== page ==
A paper-and-pencil test was administered in 15 classes of grade 6 and grade 7 (N = 377). The students had not been taught in the concept of function before. The test consisted of three testlets. The first testlet (bathtub-testlet) specified a water-filling process of a bathtub by a piecewise linear function. The second testlet (winterday-testlet) described the non-linear development of the air temperature within a 24 hour period of a winter day and the third testlet (Peter’s-growth-testlet) dealt with the growth function of a boy called Peter. Every testlet contained 12 items, of which four items each added up to the variable for the correspondence view (CSP), the variable of the quantitative covariational view (QNC), and the variable of the qualitative covariational view (QLC). For testing, three booklets were constructed so that each testlet could be presented with a table of values (table-group), a bar chart (bar-chart-group), and a graph (graph-group). Thus the form of representation established a factor with three levels in a between-subjects design.

With the additional condition that the booklet versions were as evenly distributed as possible within a class, students were randomly assigned to a booklet version. We used an alpha level of .05 for all statistical tests.

Concerning the correspondence view, there was a relatively high performance level in all forms of representation. In every testlet and every group there was a solution rate of more than 90%. The high performance rates in the correspondence view tasks stress that the students of grade 6 and 7 understood the three discussed forms of representation in principle. Our hypotheses CSP(T) > CSP(G) and CSP(B) = CSP(T) were corroborated in the winterday-testlet and the Peter’s-growth-testlet as determined by a Welch ANOVA and a contrast analysis.

With regard to the quantitative analy¬¬sis of covariation, the winterday-testlet and the Peter’s-growth-testlet confirm our hypotheses. The graph-group performed statistically significantly worse than the bar-chart- and the table-group. A noteworthy clue is that the more difficult the testlet is (indicated by the average solution rate), the bigger the differences between the forms of representation become.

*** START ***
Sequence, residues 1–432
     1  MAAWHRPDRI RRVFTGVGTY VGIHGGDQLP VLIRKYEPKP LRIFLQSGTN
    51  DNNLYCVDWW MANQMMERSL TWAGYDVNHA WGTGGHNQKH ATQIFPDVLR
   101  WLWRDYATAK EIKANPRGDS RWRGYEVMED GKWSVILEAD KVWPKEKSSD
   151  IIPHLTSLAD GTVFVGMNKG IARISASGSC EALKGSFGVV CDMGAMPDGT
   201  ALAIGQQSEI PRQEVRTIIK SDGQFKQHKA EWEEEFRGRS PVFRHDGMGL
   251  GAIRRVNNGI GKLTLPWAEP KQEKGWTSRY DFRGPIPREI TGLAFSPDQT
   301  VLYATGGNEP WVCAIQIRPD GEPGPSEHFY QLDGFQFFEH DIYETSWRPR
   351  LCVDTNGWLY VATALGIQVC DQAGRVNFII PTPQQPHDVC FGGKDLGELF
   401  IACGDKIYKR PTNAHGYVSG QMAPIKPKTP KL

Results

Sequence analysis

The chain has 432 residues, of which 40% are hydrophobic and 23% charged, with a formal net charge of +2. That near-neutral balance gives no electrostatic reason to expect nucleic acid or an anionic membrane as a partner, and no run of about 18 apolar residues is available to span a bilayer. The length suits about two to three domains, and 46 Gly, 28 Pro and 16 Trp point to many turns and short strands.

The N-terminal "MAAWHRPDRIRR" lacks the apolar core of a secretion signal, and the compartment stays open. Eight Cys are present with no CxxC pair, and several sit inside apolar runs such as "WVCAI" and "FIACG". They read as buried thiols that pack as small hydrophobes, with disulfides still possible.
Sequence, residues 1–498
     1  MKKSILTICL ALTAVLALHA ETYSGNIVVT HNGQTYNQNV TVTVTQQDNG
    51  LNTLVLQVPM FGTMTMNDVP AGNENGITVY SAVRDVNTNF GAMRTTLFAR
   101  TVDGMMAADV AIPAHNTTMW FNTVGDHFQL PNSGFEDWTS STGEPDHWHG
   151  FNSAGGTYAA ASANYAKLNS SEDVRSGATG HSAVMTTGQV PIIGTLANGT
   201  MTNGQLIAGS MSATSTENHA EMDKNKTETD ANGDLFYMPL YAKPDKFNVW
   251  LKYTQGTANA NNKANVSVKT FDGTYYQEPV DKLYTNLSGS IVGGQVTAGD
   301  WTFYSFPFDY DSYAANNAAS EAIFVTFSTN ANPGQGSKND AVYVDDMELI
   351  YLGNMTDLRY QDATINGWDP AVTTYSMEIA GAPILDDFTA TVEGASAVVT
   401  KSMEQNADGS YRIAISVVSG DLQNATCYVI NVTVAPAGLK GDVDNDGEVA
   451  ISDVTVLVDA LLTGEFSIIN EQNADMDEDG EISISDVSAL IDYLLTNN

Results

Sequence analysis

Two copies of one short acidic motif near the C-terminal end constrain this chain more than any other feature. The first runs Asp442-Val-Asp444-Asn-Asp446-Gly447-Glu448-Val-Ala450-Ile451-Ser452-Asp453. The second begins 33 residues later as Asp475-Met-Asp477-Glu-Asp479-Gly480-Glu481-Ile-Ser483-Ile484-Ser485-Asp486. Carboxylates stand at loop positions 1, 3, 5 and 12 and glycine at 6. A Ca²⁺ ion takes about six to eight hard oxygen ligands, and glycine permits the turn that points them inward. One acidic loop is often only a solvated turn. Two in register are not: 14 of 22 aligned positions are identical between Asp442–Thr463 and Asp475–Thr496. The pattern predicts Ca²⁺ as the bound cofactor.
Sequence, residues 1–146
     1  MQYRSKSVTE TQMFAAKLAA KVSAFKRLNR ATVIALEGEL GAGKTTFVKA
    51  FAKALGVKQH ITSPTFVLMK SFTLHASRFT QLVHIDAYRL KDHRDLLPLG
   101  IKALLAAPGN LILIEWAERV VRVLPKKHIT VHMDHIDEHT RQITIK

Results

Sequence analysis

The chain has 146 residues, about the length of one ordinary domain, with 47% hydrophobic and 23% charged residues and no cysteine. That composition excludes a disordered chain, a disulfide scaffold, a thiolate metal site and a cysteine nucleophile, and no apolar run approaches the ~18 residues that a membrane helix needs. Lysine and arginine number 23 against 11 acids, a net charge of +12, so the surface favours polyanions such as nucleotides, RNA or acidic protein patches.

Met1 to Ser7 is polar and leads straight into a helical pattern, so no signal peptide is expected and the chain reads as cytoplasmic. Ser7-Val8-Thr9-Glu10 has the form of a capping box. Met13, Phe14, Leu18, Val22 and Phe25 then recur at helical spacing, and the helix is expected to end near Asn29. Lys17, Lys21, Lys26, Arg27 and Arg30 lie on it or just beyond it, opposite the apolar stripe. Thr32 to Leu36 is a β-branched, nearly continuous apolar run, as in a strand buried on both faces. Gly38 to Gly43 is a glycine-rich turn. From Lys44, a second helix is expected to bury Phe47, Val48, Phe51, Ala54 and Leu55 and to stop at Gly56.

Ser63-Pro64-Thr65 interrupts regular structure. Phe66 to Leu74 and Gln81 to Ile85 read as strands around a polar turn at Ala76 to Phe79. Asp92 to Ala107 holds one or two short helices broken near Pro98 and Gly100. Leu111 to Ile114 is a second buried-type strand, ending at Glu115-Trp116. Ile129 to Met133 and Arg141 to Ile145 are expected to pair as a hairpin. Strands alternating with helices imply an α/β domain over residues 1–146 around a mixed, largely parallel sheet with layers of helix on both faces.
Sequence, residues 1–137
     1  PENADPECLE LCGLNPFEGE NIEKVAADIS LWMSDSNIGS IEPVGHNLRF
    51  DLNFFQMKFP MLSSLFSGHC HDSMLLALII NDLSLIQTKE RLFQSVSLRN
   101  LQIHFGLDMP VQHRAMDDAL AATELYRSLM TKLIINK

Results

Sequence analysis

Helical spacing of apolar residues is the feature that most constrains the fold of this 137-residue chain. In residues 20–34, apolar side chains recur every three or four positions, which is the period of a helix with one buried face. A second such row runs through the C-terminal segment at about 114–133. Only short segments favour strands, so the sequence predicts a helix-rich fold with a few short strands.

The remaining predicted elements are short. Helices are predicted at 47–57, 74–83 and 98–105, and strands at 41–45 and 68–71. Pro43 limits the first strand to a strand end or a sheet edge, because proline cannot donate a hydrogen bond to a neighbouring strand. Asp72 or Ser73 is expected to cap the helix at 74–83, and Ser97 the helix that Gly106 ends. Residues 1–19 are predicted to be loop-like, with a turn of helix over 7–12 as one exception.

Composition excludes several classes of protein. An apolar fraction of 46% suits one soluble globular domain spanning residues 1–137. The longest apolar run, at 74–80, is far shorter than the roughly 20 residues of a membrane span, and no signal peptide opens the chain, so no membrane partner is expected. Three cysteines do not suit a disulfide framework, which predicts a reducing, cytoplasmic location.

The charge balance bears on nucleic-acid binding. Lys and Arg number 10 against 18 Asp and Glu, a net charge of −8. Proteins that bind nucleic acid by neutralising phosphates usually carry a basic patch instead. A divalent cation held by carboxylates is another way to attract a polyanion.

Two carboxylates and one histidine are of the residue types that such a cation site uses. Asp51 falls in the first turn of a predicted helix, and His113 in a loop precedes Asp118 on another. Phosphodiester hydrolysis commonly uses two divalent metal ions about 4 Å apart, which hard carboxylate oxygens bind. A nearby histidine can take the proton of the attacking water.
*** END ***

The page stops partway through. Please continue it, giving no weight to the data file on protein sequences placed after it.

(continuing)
Concerning the qualitative analysis of functions, the data indicate that the visual information of the graph is of almost no help if the students have not been previously instructed on how to interpret it. In the winterday-testlet and the Peter’s-growth-testlet the graph-group’s performance was significantly lower than the table-group’s and the bar-chart-group’s performance. Therefore the hypothesis QLC(G) > QLC(T) can be rejected and the almost contrary hypothesis QLC(T) > QLC(G) can be confirmed.

In the bathtub-testlet, there could not be identified any differences in the mean between the three forms of representations for any of the three variables. That the tasks were the easiest of the test may account for the nonsignificant results.

To sum up, statistically significant performance differences concerning the forms of representations were proven. In correspondence tasks as well as in quantitative and qualitative covariation tasks, the performance of the graph-group was worse than the table-group and the bar-chart-group in two of three testlets.

Blanton, M. L., & Kaput, J. J. (2011). Functional Thinking as a Route Into Algebra in the Elementary Grades. In J. Cai & E. Knuth (Eds.), Early Algebraization. A Global Dialogue from Multiple Perspectives (pp. 5–23). Heidelberg: Springer.

Borba, M. C. & Confrey, J. (1996). A Student's Construction of Transformations of Functions in a Multiple Representational Environment. Educational Studies in Mathematics, 31 (3), 319–337.

Confrey, J. & Smith, E. (1994). Exponential functions, rates of change, and the multiplicative unit. Educational Studies in Mathematics, 26 (2-3), 135–164.

Kerslake, D. (1981). Graphs. In K. M. Hart (Ed.), Children's understanding of mathematics. 11-16 (pp. 120–136). London: John Murray.

Müller, F. C. (1889). Optische Urteilstäuschungen. Archiv für Physiologie Suppl., 263–270.

Thompson, P. W. (1994). Students, Functions, and the Undergraduate Curriculum. In E. Dubinsky, A. H. Schoenfeld, & J. J. Kaput (Eds.), Research in Collegiate Mathematics Education I (pp. 21–44). Providence, RI: American Mathematical Society.